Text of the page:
For right internal jugular vein cannulation, the patient was positioned with rolled towel under the shoulder and head was turned to the left. The right neck had been prepared using standard sterile technique. After usual aseptic precaution site had been infiltrated with 2% lignocaine.

Following the procedure both the groups of patients were checked for their vitals, check X-ray and thoracic ultrasound was done immediately bedside. Check X-ray and thoracic ultrasound repeated whenever required. The above mentioned complications in both groups were assessed and tabulated. Finally, a comparison was drawn between both groups and statistically analysed.


Around 149 patients were taken up for the study. Among them 44 were excluded and 105 included for the study. After obtaining the informed consent, 52 patients were allotted to the control group and 53 were in the study group. Majority of the participants were males (69.2% and 66%) in both the study and control groups respectively.

Comparison of Complications in both the Groups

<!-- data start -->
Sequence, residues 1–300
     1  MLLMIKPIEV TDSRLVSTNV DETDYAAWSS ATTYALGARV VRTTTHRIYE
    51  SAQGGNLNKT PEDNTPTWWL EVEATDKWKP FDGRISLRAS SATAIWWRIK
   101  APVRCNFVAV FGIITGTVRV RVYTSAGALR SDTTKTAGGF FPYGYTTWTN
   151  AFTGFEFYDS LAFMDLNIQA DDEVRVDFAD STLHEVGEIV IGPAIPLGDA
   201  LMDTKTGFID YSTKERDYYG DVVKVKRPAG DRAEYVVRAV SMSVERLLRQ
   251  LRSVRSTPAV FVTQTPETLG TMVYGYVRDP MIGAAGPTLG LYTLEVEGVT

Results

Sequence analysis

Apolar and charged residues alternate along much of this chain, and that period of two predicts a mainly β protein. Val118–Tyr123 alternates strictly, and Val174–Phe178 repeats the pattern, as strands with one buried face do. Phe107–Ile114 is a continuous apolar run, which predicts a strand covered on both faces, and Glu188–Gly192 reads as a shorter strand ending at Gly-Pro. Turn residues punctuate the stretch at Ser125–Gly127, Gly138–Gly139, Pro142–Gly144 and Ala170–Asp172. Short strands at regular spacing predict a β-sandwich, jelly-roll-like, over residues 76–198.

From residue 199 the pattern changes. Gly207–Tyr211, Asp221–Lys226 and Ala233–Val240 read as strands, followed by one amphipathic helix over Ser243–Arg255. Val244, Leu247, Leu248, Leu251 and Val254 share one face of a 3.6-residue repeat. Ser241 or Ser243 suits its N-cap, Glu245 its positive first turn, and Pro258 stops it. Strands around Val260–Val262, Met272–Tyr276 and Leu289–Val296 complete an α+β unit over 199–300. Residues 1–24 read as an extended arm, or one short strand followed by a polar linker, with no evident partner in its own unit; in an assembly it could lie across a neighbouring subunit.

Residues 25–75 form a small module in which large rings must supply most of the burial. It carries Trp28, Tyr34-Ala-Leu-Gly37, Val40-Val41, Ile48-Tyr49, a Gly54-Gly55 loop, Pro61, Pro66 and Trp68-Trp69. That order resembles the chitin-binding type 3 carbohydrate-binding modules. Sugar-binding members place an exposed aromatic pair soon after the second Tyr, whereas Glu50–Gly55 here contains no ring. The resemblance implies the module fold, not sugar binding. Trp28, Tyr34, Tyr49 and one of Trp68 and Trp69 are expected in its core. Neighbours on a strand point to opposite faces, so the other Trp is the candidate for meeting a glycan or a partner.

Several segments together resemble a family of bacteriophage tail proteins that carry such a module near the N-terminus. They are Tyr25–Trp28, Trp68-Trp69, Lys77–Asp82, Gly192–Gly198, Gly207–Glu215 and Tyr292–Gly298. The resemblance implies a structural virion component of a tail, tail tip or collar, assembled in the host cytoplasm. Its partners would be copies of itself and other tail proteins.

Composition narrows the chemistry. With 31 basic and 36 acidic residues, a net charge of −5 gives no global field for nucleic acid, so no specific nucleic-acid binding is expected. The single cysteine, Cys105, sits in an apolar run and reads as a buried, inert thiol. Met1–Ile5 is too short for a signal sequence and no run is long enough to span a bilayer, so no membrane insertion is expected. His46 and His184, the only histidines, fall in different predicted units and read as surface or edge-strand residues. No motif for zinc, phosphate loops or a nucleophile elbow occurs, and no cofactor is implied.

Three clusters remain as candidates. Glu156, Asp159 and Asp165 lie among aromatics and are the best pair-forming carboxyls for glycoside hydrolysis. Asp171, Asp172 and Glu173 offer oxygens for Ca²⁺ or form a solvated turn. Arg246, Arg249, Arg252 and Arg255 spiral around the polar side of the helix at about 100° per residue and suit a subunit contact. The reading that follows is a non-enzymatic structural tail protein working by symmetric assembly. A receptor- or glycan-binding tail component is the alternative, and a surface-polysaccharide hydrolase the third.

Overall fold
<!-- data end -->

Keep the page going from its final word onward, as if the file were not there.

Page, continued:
Ventilatory support was required for both the groups during the procedure. There was no significant difference was found out. No significant difference was made out regarding the success rate in both the groups.

Average access times (Skin-to-vein) were significantly reduced in the ultrasound group of patients compared with the landmark group (p<0.001). Average access time (Skin-to-vein) was 10.6 seconds (SD=7.68) by the ultrasound approach and 48.5 seconds (SD=33.24) by the landmark approach (p=0.001).

There was a significant difference made out in the first attempt during the vein cannulation p=0.007. Hence, ultrasound guided internal jugular vein cannulation was easier when compared to high approach external landmark-guided cannulation. No significant difference was found out in the approaches, which was used for cannulation.

The chances of misplacing the catheter is more with high approach external landmark-guided cannulation than ultrasound-guided internal jugular vein cannulation and the difference was found to be statistically significant.